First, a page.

Rare 'Flasher' Squid Caught on Video

Rare 'Flasher' Squid Caught on Video

A squid with shiny, bioluminescent "spotlights" tipping two of its arms & what look like waxy red lips shared a close encounter with a remotely operated vehicle (ROV) in deep ocean waters near Hawaii.

And the underwater face-to-face was captured in a spectacular video by cameras attached to the ROV, operated by the National Oceanic & Atmospheric Association (NOAA) Office of Ocean Exploration & Research.

The squid even attached itself to the vehicle & "hung out there for several minutes," according to a dive update posted on NOAA's Okeanos Ocean Explorer website.

Though initially identified by a scientist on the vessel as a "whiplash squid," the cephalopod was actually a Dana octopus squid, or Taningia danae. That animal is similar in size to a whiplash squid, yet lacks the two long feeding tentacles that are usual in most other squids. [See Images of the Shiny Dana Octopus Squid]

The deepwater star of the video is estimated to measure between 3 & 7 feet (1 & 2 meters) in length. Broad, flexible fins extend from the squid's mantle; as they furl & flap, these fins steer T. danae through the water.

On the underside of the mantle protrudes a shape resembling a red-lipped mouth. It's really a siphon, however, used to eject water from the mantle cavity behind the eyes & propel the animal in reverse, said Scott France, a marine biologist & co-science-lead on the NOAA expedition, whose voiceover describes the squid on the video.

While the Dana octopus squid may lack a squid's trademark trailing tentacles, it makes up for them in spectacular lighting equipment, with two of its muscular arms ending in lidded light organs called "photophores." About the size of lemons, these photophores are the largest known light-producing organs in the animal kingdom, said Mike Vecchione, a zoologist at the NOAA National Systematics Laboratory at the Smithsonian Institution & a curator of cephalopods at the National Museum of Natural History, both in Washington, D.C.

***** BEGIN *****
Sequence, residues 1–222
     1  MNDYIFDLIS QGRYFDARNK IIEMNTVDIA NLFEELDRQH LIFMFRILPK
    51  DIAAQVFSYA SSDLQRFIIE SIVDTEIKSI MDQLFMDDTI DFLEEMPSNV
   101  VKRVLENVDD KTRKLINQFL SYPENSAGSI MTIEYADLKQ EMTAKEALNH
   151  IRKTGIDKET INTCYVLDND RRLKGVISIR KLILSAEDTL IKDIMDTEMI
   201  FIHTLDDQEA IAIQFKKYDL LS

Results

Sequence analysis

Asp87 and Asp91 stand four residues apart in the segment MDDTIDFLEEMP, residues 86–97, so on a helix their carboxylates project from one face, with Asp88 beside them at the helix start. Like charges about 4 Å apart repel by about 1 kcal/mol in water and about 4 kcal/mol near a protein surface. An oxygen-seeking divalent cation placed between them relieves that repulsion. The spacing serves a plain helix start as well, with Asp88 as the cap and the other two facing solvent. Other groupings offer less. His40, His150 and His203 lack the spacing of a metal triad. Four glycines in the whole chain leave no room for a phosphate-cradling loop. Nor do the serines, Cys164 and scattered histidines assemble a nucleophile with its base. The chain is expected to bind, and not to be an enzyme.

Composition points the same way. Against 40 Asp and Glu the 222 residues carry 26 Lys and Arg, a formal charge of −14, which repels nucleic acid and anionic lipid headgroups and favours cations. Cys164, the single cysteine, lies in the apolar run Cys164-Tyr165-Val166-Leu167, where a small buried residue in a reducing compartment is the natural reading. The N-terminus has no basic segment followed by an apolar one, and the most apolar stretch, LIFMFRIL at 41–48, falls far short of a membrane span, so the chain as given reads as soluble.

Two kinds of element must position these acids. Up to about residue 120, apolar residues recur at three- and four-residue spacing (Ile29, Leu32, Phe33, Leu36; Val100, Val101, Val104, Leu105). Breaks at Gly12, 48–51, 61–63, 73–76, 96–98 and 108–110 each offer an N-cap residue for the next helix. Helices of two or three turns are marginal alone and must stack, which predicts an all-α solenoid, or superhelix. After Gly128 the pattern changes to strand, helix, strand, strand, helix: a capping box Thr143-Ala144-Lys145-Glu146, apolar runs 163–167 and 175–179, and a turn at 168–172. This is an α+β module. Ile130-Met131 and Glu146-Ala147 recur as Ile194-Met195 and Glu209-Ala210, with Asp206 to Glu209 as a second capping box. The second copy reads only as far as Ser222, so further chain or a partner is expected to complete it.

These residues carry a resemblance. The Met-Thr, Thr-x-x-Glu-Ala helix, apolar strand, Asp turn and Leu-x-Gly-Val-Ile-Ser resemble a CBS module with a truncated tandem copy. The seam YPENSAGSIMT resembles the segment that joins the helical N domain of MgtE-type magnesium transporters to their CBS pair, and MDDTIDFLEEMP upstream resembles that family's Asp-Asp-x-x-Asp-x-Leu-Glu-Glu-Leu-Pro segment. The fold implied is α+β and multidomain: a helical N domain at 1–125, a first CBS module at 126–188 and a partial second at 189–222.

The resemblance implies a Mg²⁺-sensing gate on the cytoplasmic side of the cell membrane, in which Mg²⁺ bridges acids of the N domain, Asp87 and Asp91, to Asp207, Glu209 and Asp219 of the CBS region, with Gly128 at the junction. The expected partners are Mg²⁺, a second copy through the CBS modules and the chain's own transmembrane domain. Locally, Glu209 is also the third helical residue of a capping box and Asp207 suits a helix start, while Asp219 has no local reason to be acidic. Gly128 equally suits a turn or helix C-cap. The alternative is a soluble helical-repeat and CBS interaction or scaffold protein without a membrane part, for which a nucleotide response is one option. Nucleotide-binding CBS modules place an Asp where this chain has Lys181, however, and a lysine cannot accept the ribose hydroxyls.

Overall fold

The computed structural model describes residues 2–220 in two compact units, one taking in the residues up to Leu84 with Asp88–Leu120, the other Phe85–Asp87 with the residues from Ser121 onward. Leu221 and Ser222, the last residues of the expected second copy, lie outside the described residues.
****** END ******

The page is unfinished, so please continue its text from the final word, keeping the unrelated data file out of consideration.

In two video clips — one dated Sept. 19 & one dated Sept. 24 — an octopus squid swims close to Deep Discoverer, a remote-controlled marine-exploration vehicle operated from the Okeanos Explorer vessel, part of NOAA's Hohonu Moana Expedition that's exploring deep waters off Hawaii. And both clips show the squid's photophores lighting up, as the lids covering them were lifted.

Flashing these high beams could be a defensive move, Vecchione told Live Science. In the darkness of the ocean depths, a sudden flash of light could temporarily blind a predator, giving the squid a chance to escape, he said.

Vecchione suggested that the squid might moreover use light flashes to startle prey, making them freeze just long enough for the squid to grab hold.

According to Vecchione, the squid's flashing at the ROV could support another hypothesis approximately how ocean creatures use bioluminescence, lighting up as a way to attract a bigger predator to attack the more immediate threat.

The Hohonu Moana Expedition lasted from July 10 to Sept. 30, investigating deep-sea ecosystems & capturing video & images of the strange underwater life — huge & small, drab & flashy — that inhabits them.

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